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Technical Oil inside Mallory Distributor

Discussion in 'Traditional Hot Rods' started by zz29, Oct 9, 2019.

  1. solidaxle
    Joined: Jan 6, 2011
    Posts: 389

    solidaxle
    Member
    from Upstate,NY

    That would be true if he was using a draft tube. Since he has a PCV system it needs a closed up motor. If his oil cap is vented he is pulling down the fill tube and right into the PCV valve. There would be no circulation through the motor[/QUOTE]
     
    Last edited: Oct 11, 2019
  2. solidaxle
    Joined: Jan 6, 2011
    Posts: 389

    solidaxle
    Member
    from Upstate,NY

    I'm not seeing a front port for the draft tube. That's why the PCV system. Not that it wont work, but your intake, I believe is fabbed from a carbureted one, but that should have a draft tube port also. The pop off valve is in a spot I have never seen one mounted. The person who fabricated the carb intake system certainly had the talent to make the blower intake. It's pretty wild! pop off valve.jpg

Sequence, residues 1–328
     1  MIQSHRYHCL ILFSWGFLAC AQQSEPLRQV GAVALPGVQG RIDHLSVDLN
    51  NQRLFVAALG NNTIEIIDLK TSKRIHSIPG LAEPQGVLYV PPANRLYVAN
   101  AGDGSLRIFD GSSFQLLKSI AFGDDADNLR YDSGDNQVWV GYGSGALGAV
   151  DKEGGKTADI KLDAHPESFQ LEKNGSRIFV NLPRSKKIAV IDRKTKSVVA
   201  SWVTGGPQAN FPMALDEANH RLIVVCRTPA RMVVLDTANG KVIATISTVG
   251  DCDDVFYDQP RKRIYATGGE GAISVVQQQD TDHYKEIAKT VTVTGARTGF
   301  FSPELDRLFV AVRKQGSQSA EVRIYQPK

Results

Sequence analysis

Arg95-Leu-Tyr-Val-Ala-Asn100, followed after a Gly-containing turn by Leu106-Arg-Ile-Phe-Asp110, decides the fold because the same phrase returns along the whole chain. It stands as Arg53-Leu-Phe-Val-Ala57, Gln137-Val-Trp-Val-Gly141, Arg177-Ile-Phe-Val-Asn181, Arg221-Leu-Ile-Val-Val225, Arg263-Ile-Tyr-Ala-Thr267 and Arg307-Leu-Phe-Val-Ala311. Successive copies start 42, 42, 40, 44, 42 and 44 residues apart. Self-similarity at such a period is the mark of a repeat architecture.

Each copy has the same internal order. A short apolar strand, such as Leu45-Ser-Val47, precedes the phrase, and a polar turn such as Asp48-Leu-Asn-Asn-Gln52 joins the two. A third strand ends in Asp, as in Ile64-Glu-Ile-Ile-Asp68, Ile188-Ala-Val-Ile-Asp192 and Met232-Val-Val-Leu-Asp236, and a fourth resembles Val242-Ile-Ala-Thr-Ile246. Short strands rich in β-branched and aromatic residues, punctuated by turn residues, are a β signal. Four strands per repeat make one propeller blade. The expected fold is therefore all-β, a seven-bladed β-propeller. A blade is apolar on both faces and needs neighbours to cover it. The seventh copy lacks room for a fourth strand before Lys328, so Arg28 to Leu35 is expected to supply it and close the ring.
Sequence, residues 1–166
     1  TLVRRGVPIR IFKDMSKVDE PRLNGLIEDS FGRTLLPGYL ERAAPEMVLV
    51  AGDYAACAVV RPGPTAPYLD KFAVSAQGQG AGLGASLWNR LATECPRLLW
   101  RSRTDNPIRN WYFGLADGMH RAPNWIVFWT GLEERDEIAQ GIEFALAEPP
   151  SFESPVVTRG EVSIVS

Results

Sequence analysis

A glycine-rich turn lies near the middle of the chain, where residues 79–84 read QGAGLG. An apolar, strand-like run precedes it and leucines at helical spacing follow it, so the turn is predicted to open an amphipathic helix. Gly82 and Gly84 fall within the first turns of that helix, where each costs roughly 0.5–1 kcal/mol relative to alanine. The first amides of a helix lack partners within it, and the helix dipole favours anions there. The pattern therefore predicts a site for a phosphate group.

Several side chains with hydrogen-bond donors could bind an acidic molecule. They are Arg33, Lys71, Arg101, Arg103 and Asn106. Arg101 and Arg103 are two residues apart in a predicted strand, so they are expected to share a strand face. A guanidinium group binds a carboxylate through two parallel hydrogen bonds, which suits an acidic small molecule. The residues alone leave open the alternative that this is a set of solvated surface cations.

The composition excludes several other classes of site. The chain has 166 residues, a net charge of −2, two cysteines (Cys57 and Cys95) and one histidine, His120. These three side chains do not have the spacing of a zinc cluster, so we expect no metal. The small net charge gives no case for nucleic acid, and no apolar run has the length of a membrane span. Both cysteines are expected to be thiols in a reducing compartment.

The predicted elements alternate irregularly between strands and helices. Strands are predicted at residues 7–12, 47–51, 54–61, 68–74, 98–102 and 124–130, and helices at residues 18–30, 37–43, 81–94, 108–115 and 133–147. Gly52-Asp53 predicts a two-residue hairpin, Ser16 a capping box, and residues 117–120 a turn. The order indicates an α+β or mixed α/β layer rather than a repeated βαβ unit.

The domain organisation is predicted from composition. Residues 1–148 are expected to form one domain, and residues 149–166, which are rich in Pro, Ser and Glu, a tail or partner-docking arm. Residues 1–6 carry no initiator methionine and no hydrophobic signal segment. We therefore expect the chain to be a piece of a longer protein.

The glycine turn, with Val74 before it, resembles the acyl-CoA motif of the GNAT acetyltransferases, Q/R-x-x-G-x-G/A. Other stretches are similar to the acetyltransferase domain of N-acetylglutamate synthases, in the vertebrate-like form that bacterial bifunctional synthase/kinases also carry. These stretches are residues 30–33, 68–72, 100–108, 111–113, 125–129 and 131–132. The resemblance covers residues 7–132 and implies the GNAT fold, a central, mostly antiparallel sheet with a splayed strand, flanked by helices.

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  3. solidaxle
    Joined: Jan 6, 2011
    Posts: 389

    solidaxle
    Member
    from Upstate,NY

    I think you need to make sure the PCV system is working properly. If it is, you shouldn't have positive pressure in the motor that would push oil out the dizzy.
    Is the valve good?
    Is it proper size?
    Does the hose need replacement?
    Is the oil fill cap sealed? (Edit) Can't have the intake air next to the valve.
    Then, do you have the correct vacuum?

    If all the above is working properly. Then the dizzy has some type of clearance or seal issue.
     
    Last edited: Oct 11, 2019
  4. solidaxle
    Joined: Jan 6, 2011
    Posts: 389

    solidaxle
    Member
    from Upstate,NY

    Is there a Hot Rod club around by you? Most flat head guys would would give their eye teeth to wrench that creation.
     
  5. alchemy
    Joined: Sep 27, 2002
    Posts: 14,368

    alchemy
    ALLIANCE MEMBER

    I'm sorry Solid, I don't agree. Even if he has a good working PCV (the "out" vent) he will need an "in" vent. You can't seal the internal engine cavity up. It needs to breathe.
     
  6. solidaxle
    Joined: Jan 6, 2011
    Posts: 389

    solidaxle
    Member
    from Upstate,NY

    I looked at a chevy system and they do have an entry way. So yes It does need to breathe. It needs to be on the opposite ends of the motor or system so the entire motor is evacuated. It just can't be side by side.
     
  7. Fordors
    Joined: Sep 22, 2016
    Posts: 2,205

    Fordors
    Member